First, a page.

Mini Mansions have that West Coast atmosphere in their DNA.
Everything the band touches has that Los Angeles charm, a kind of glamour that other cities strive for, but never quite reach.
New album 'Guy Walks Into A Bar...' is out now, and it's an infectious return, one delivered with confidence and panache.
The band's superb songwriting remains intact, while the production has been amplified soaking up fresh elements in the process.
Clash tracked down Mini Mansions to discuss their Influences, and found a group equally at home in rock, country, and hip-hop...
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George Jones and Tammy Wynette - 'Take Me'
This was basically my soundtrack for most of the writing of the record. A song I wasn’t very familiar with, but was introduced to it after seeing the Leon Russell documentary and learning more about George Jones.
I had never really gone down the country music road, so this was my first proper introduction. Through this song I realized how emotional the story telling of country music can be. That’s why people love country music so much, and I was never aware. The song is direct and wears its heart on its sleeve.
Also, getting the perspective from both George and Tammy allows you to really feel the connection of both male and female partners. It definitely was a big inspiration on the conversation piece and duet of ‘Hey Lover’.
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Father John Misty - 'I Went To The Store One Day'
I listened to the whole ‘I Love You, Honeybear’ record on repeat for a while. It’s the perfect record to fall in love to. Pure honesty and transparency from the Misty Man himself. His commitment to his wife and relationship allows you to want be that kind of man with that kind of pure love. It feels as if it was all written within a week, being entangled in this abstract idea of love that you just stumbled upon for the first time in your life.
My ex and I listened to this record together and separately, throughout the beginnings of our relationship. This song still brings tears to my eyes. And I wanted to do the same with some of the tracks on our record.
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Captain Beefheart - 'Her Eyes Are A Blue Million Miles'
This has always been one of my favourite love songs of all time. I bought the 'Clear Spot' / 'Spotlight Kid CD' when I was a young lad and it was definitely a standout on the record. One of the most beautiful and raw love songs I’ve ever heard. Falling in love with a blue eyed girl didn’t hurt the connection to the song either.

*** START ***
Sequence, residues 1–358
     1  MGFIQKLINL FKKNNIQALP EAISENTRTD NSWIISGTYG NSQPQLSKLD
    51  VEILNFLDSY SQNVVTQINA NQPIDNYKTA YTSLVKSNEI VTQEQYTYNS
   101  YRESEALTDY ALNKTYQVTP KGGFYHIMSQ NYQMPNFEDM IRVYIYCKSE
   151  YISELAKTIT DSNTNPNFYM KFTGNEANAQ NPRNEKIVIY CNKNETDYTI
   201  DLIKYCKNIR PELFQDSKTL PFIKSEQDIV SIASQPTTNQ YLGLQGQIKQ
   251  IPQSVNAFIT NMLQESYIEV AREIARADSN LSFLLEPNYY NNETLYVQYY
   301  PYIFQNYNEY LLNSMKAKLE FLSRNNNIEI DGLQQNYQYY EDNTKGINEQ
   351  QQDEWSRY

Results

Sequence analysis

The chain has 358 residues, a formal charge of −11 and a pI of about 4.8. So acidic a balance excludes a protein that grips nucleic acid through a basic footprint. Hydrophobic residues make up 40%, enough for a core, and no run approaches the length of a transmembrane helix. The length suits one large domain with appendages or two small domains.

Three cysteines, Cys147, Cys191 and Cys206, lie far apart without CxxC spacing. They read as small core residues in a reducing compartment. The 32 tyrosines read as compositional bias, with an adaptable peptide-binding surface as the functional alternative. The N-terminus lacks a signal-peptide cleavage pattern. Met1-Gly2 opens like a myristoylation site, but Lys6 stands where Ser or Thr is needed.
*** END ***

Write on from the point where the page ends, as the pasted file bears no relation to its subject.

The song gained a lot more notoriety after being placed in The Big Lebowski, but that’s neither here nor there. I used to go to my favourite bar in the San Fernando Valley, The Tonga Hut, a couple times a week and drink scorpion bowls and throw that song on their wonderful jukebox. I highly recommend you do the same.
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Bee Gees - 'Night Fever'
While I was writing for this record, I thought about doing a separate record that was just disco. But that dream died. ‘Night Fever’ and The Bee Gees embodies the perfect marriage of groove and melody. Their vocal harmonies are spot on, yet the bass and drums drive the song. But you can’t forget about the strings arrangements that keep it classy as fuck. I wanted all of those elements to be part of this record. Not saying we made a disco record, but I think you can definitely hear ‘Night Fever’ pop it’s head in throughout the album. We did a mash up cover of it on Jack Saunders’ Radio 1 show. One of my favorite radio moments of ours that nobody will probably hear ever again.
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Eminem - 'Without Me'
The final element of this record is influenced by the Dr Dre production and humour that is featured on Eminem’s ‘Without Me’. First start with the genius sounds, hooks, and beat that I will forever envy in this song, but then let’s focus in on Eminem’s rhymes and clear don’t give a fuck sentiment, which is cemented by his use of comedy throughout this song.
I also love how much ear candy is dropped throughout the track. I wanted our record to do the same. On the 100th listen, I want the audience to catch something they’d never heard before. A whisper, a laugh, a layered guitar line. They are all important to the make up of a track’s final delivery.
It also keeps the recording process that much more fun. Doing things for yourself that make you giggle and will keep the giggles alive when you hear the track 20 years later. Remember when we...
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'Guy Walks Into A Bar...' is out now.
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